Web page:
Panel beaters: Australia utilities branch out as customers shift to solar
Sonali Paul for Reuters: Australia's power utilities and grid operators, under threat from the world's fastest take-up of home solar panels, are rushing to come up with ways to stay relevant and protect long-term revenues.
Pushing to cash in rather than lose out on the millions of solar panels that glint from the roofs of homes around the country, electricity suppliers and network operators are taking steps such as selling batteries to store solar energy or looking to charge fees for taking excess solar power into the grid.
Australians have snapped up solar panels over the past 10 years thanks to government incentives, but what was seen as a luxury has almost become a necessity as energy policy uncertainty has led to the closure of some coal- and gas-fired power plants, sparking blackouts and power price hikes.
"Australia has highly innovative customers who are interested in new things and most of the time it's quite sunny. So it means we become a test bed for a lot of these things," said Matthew Rennie, global power and utilities transactions leader at consultant EY.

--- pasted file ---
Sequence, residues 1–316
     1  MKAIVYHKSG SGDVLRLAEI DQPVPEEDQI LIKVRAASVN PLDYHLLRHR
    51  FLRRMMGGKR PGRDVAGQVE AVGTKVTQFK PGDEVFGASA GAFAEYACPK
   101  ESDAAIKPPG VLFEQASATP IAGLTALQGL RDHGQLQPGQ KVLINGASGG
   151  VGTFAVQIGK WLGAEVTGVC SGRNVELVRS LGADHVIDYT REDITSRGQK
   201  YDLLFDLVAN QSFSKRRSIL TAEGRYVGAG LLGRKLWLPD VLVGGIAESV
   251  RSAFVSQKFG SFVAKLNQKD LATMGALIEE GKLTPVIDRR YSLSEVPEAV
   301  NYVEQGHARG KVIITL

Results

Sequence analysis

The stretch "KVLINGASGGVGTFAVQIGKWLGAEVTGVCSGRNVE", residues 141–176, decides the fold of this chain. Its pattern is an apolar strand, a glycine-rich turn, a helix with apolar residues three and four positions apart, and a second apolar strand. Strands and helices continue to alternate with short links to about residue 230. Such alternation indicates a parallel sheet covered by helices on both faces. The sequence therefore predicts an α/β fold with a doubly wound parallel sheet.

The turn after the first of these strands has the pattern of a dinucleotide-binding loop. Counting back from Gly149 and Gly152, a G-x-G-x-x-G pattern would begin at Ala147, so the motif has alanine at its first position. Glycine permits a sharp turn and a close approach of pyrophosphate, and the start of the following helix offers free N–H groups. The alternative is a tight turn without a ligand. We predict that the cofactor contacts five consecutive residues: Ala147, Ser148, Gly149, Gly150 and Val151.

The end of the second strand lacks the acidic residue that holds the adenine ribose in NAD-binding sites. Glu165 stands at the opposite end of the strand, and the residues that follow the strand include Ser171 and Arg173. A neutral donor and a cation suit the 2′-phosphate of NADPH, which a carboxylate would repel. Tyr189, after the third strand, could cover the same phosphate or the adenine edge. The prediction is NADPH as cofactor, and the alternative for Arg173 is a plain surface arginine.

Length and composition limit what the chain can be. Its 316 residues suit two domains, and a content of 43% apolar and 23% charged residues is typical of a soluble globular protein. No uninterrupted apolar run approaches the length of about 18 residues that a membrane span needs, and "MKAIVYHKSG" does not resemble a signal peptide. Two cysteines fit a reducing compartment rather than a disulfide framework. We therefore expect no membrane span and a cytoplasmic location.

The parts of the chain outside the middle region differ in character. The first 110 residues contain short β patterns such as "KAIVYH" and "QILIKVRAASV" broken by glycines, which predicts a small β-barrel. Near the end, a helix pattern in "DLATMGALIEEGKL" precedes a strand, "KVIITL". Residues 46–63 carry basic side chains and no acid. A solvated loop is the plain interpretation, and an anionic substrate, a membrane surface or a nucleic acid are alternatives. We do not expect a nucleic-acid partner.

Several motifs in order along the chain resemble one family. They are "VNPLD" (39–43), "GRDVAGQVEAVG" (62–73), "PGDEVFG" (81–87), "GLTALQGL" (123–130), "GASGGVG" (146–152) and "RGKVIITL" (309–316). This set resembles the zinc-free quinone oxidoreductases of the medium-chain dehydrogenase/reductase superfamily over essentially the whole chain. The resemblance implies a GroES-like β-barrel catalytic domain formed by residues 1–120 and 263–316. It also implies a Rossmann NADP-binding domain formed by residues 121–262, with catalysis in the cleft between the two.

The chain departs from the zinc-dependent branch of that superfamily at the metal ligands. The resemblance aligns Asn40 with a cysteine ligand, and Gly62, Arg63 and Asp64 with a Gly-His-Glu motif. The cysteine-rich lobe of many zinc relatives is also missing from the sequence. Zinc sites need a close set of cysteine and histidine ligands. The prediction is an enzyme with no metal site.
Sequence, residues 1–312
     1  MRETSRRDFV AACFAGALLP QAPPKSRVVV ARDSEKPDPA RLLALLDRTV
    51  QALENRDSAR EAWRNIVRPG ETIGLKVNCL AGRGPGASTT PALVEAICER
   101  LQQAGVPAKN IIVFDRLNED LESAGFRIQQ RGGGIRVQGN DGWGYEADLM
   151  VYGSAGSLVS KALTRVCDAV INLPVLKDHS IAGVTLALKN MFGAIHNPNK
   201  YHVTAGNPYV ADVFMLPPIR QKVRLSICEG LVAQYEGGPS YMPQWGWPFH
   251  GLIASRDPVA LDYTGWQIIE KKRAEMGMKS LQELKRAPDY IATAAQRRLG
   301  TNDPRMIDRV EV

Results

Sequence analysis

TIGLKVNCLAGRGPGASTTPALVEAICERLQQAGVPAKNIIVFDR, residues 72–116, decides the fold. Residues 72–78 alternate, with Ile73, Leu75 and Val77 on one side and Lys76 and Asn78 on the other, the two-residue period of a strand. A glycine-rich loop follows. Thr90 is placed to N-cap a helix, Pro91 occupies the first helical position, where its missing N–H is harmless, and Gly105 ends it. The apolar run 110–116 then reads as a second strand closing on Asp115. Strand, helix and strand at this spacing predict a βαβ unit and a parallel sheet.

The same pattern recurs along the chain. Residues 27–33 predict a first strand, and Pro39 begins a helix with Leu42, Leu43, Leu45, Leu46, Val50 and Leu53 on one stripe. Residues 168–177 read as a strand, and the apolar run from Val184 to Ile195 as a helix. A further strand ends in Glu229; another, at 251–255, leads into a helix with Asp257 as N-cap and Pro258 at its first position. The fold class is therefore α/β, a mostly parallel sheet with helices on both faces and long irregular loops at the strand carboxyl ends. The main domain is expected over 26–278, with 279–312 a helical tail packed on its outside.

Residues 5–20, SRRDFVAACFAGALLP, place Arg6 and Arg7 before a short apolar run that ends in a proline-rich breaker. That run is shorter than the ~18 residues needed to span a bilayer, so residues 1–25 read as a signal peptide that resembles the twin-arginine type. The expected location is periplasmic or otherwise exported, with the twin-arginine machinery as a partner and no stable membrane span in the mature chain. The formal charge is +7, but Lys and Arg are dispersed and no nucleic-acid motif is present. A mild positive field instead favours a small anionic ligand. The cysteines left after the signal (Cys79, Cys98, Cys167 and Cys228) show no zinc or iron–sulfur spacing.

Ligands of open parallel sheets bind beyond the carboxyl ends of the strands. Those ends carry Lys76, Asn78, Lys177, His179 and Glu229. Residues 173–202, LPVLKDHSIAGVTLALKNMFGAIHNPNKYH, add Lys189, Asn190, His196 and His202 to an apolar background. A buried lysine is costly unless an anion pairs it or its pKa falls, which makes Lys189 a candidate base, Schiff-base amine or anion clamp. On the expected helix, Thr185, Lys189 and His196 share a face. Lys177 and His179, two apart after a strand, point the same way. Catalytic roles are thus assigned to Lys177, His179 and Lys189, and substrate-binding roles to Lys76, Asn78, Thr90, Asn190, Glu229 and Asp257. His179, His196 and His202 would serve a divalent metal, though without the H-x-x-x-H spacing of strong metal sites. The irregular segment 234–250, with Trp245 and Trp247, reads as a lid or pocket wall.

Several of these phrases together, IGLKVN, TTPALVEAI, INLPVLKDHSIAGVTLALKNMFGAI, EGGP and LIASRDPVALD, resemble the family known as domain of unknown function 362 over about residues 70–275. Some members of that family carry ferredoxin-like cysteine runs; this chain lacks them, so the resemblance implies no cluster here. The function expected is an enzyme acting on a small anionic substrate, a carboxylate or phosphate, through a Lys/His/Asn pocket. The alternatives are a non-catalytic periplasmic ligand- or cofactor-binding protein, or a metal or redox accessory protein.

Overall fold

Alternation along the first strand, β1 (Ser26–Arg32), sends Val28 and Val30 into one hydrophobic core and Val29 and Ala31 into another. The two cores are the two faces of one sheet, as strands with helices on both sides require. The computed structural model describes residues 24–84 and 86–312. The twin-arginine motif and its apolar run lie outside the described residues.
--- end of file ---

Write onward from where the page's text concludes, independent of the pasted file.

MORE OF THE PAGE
One out of every six Australian homes, or around 1.65 million households, had solar photovoltaic systems at the end of 2016, according to the Australian Energy Council. That is the highest per capita number globally.
And over 20 percent of Australian homes are likely to adopt battery storage in the next two years, according to an Australian Energy Market Commission survey released last week.
One of Australia's leading power suppliers, AGL Energy (AGL.AX), has offered cheap batteries to 1,000 homes with solar panels as part of what it describes as the world's biggest "virtual power plant" in Adelaide, South Australia, a state plagued by blackouts over the past year.
The batteries will be centrally controlled by software from U.S. firm Sunverge, allowing AGL to instantly tap 5 megawatts of power that can help stabilize the grid when needed. Battery owners will be left with enough power for their own needs and paid for any excess energy they provide to AGL. Full Article:
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